Defining Your Customer Experience

A lot of talk in today's digitally centric world revolves around user experience.  It has become a discipline within web development and companies that are technology dependent for their business often intermingle the concepts of user experience and customer experience.  That may work for some, but I think the majority of businesses need to think more holistically about customer experience and make sure that the life cycle of a customer is well thought out and mirrors the expectations you have for your organization.

A lot of aspects beyond marketing go into defining the customer experience.  When you think about all the different areas of your company that touch a customer  - sales, customer service, delivery agents, social media, advertising - it's hard to make sure that each touchpoint is creating the same feeling or the consistency required to stay true to the brand and the value proposition you defined on that whiteboard those many years (or even weeks) ago.  But it's very important to achieve that clarity in order to keep customers from the first experience all the way to the end of the cycle.  That's why Gartner said in one of their studies, “89% of companies surveyed plan to compete primarily on the basis of the customer experience by 2016.“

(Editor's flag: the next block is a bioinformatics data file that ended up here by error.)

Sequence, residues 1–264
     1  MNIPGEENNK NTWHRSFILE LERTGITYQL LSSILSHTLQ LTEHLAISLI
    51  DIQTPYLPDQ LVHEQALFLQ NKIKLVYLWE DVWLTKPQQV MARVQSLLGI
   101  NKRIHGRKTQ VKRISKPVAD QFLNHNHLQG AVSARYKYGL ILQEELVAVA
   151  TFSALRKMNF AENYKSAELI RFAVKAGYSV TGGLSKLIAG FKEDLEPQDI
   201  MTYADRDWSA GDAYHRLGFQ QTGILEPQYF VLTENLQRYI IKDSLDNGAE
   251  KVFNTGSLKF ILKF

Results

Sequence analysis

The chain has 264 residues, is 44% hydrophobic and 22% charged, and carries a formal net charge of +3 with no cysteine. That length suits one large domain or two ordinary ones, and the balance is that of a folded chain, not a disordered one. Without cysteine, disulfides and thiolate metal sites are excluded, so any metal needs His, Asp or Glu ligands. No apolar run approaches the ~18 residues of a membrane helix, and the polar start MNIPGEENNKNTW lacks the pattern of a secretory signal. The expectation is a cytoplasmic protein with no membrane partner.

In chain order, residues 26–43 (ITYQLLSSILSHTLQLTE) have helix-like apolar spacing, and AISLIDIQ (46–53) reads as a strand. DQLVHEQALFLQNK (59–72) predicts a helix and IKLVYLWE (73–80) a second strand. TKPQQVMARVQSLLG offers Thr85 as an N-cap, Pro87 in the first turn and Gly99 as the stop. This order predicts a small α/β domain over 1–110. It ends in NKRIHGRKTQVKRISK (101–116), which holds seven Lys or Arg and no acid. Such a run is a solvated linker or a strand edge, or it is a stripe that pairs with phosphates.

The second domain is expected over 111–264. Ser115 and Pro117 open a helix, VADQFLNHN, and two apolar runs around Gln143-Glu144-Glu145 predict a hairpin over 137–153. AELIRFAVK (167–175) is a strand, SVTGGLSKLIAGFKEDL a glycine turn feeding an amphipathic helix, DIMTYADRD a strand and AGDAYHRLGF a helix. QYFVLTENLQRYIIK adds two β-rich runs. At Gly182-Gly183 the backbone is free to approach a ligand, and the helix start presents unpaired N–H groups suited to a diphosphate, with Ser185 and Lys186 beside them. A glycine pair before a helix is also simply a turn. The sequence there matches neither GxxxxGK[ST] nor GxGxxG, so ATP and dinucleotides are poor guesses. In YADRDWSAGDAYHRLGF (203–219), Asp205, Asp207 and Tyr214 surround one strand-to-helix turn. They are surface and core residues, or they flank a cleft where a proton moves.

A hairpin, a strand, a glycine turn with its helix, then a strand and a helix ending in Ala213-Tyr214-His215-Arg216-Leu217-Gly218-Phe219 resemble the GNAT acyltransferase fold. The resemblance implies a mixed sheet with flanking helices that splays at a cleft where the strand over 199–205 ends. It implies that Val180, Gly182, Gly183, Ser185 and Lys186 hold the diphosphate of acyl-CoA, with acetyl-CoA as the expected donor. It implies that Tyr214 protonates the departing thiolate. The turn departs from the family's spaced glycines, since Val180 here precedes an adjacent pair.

I've spent the bulk of my career in services marketing, and the strategic intent of the customer experience is especially applicable.  Since so much of how a customer interacts with a service-based company happens offline - interacting with a sales or delivery person, a customer service rep, a recruiter or even the receptionist - it's important that everyone is singing from the same songbook.  A question answered different ways or a less than favorable interaction with one area of the organization when a problem arises can blow up all the marketing work done to establish a brand in the blink of an eye.  We also know that negative experiences are communicated more widely on average that positive ones, so the more we can create the same brand and customer centric experience with each part of your company that touches a customer the more traction your marketing efforts will have over time.

These concepts do travel to the online world as well.  Think about Zappos - they are praised for their customer-centric model.  Although they are classified as an online retailer, a lot of their customer experience model is based off of tried and true customer service principals and a consistency of customer care that extends throughout the organization.  Just because your business generally works with customers around a click doesn't mean you can't create a great experience.

 "You've got to start with the customer experience and work backward to the technology," said Steve Jobs.  I think there's merit in all businesses looking at their model this way, especially if you have it backwards right now.  Customer loyalty is often the indicator or long-term success, so make sure you customer experience profile ends up there.